PAGE 142. “A participant in this session was the well-known evangelical apologetics expert, William Lane Craig. He asked Behe directly, “If the flagellum did not evolve, then how was it made?” But Behe did not answer the question. Later in the session, Craig asked this very same question two more times. And two more times, Behe did not respond. The silence was uncomfortable. I wanted to shout out, “It’s obvious that God intervened miraculously to create the flagellum!” But I felt intimidated being at Cambridge University and did not say anything. It is only afterward that I figured out why Behe would not answer Craig’s question. A principal strategy of ID theorists was never to mention God in their arguments. In this way, they could claim that their theory was entirely scientific, and therefore, it could be taught in science classes at public schools. But of course, this is somewhat disingenuous because ID theorists certainly embrace the God-of-the-gaps to create biological structures like the flagellum.”


I want to thank everyone for their replies. One of the things I love about science is the uncovering of new knowledge, of seeing the laws of logic guiding our (humanity’s) growth. I think a pre-requisite is humility. In teaching students about empathy, I use a quote I heard from WH Auden, “Truth like sleep and love resents approaches that are too intense”


Thanks. I apologize–I had initially said it was you that asked the questions (I changed the initial note to say, “someone”). I found it interesting that William Lane Craig asked those questions.
I enjoyed reading your book.
Thank you!

Good for Craig to put it out there like that. I tried to reach out to his ministry by email last year and didn’t get very far with the intern about how the immediate effect of an uncaused cause will appear to come from nothing.

At some point there is going to be a gap. That is unless an infinite regress is being affirmed. But that is something which can neither be empirically verified.

I imagine if he is disagreeing with evolution he’s not a very good scientist in that department. This is a view but not a good scientific view.

I mean it’s like a mathematician that thinks that letters should not be used just numbers. Or a botanist who thinks gymnosperms came after angiosperms.

If you’re a scientist, and you disagree with evolution, you’re definitely going to be lagging in general. You definitely don’t understand a giant chunk of science.

Imagine being a scientist but you think the sun moves around the our flat earth.

Thanks for the reply. Been there and done more science than you give credit for. With that said I believe a good scientist will investigate both sides completely. Evolution has its weaknesses. Remember still a theory. but that said I ma not anti evolution. I belive to be scientifically hones one has to look at evolution from a Genesis creative perspective. I mean a close look and research. Not a look that says it is from the Bible therefore cannot be true.

Could you elaborate a little on that? My current view is that Genesis is not concerned with science and so would have little to nothing to say about mechanism, but rather is addressing meaning. How would you apply it to evolutionary theory?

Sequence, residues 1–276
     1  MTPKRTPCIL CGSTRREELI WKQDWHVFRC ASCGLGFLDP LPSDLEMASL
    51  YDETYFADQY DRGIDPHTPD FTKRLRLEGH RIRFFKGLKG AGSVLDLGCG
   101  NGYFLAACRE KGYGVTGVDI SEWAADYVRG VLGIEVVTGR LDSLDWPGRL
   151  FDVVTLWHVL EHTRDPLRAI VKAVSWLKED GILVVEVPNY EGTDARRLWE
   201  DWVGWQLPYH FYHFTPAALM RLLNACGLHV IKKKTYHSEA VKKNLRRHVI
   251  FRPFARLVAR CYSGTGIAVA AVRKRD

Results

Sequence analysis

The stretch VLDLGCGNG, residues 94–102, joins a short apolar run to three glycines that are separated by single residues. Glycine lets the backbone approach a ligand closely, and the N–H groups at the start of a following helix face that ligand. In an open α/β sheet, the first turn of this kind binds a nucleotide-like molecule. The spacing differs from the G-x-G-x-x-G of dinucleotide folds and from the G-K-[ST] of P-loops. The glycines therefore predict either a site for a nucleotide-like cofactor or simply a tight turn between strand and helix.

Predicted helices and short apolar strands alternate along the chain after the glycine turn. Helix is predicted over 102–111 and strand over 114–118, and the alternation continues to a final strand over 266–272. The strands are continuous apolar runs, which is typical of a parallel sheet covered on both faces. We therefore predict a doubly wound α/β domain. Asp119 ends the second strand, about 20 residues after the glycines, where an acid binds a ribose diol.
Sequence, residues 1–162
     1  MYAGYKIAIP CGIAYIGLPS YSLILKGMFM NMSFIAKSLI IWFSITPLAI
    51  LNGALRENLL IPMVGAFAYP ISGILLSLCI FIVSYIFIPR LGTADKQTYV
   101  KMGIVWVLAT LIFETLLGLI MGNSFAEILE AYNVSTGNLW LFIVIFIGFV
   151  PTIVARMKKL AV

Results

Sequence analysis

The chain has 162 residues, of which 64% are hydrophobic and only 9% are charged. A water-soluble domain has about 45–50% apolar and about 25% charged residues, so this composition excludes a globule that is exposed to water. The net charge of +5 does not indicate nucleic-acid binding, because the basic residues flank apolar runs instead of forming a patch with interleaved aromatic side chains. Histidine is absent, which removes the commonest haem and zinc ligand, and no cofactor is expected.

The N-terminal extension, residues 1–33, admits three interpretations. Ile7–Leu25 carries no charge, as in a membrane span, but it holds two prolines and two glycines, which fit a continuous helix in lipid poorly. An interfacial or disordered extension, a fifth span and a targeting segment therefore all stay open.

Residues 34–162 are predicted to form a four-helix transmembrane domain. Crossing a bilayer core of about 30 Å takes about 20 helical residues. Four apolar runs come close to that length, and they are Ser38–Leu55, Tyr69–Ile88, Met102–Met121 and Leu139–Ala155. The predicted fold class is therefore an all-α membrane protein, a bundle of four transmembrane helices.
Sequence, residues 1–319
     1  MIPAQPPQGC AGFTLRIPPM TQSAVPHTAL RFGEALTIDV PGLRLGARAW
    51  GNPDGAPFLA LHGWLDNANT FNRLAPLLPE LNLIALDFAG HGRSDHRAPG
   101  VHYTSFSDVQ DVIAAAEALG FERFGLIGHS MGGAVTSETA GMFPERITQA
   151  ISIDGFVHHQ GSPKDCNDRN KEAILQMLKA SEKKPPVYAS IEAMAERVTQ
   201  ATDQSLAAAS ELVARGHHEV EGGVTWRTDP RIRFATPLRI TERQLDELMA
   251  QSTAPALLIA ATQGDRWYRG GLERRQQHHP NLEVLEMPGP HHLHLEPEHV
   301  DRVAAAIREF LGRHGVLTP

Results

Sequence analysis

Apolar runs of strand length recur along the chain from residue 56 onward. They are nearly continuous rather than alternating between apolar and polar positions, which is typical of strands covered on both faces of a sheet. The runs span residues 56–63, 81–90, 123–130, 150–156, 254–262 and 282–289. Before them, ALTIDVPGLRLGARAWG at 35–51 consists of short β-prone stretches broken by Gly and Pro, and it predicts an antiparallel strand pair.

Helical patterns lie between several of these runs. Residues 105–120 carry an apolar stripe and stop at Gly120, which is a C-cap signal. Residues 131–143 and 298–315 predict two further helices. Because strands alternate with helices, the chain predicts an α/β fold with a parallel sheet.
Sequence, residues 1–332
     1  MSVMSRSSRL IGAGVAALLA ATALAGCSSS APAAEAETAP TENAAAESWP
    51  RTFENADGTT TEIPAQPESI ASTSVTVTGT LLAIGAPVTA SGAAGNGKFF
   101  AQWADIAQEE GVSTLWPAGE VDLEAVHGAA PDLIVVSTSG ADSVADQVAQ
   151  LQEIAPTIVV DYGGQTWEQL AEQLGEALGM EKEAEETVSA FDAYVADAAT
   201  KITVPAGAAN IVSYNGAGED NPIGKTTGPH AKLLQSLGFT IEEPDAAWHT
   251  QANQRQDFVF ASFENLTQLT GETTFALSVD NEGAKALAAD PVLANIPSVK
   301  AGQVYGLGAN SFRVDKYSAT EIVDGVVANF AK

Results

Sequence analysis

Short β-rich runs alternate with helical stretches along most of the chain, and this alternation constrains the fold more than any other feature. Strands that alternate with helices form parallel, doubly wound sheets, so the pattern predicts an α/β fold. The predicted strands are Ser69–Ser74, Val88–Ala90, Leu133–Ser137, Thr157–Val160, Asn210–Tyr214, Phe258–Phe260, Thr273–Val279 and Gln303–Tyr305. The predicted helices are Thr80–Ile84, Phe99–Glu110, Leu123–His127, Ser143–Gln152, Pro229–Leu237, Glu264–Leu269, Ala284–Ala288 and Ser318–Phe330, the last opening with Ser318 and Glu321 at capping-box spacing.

To be fair you could say the same about any area of life - those who have a relevant background, in this case a high level of education in biochemistry which clearly relates to evolutionary theory, are going to be listened to. They may be wrong but it’s important to take each of their arguments and clearly show why they are wrong. Im not a biologist so my view that evolution is likely correct is based on the expertise of others, even though I know there are some voices, even within the biologically-trained community, which continue to argue evolutionary theory is insufficient to explain the development of life on earth.

As for mRNA vaccines, again one should at least listen to those appropriately qualified who have negatively commented on them. It is a fact that some individuals have died from receiving the vaccine, which is why lawsuits are being raised. That doesnt mean that for the vast majority of the population such vaccines are unsafe, but such voices should be heard, as it gives others the opportunity to negate their arguments with evidence. Though Im sure I wasnt the only one surprised to read that Pfizer hadnt done any research on their vaccine’s ability to prevent transmission of the virus before it was approved for use. I would have thought prevention of transmission is rather important particularly as that argument was used to require people, particularly workers in certain areas, to be vaccinated. Transparency in such areas is important.

A PhD in biochemistry should equip someone to be able to understand evolutionary theory relatively easily. By itself, however, it doesn’t confer any expertise in evolution – they’re very different fields of study. In the case of Michael Denton, he clearly did not understand basic aspects of evolutionary theory.

Well, others who are qualified enough to judge should listen to them. There are plenty of fields where I don’t know enough to distinguish a valid if unpopular expert opinion from a crackpot theory from someone who happens to have a credential.

I wasn’t surprised at all. Vaccine trials have very well specified endpoints they are testing and the trials have to be designed to test them. Testing for vaccine efficacy at blocking transmission would require a study design that was substantially more complex, more expensive, and longer to complete than the one they did. That would have been in the interest of neither the company nor public health. (As it happened, the mRNA vaccines were initially highly effective at blocking infection and therefore transmission, even though that wasn’t what they were designed to do, but that proved to be a short-lived phenomenon, thanks to a mutating virus and waning immunity – neither of which would have been apparent had Pfizer done a study of transmission.)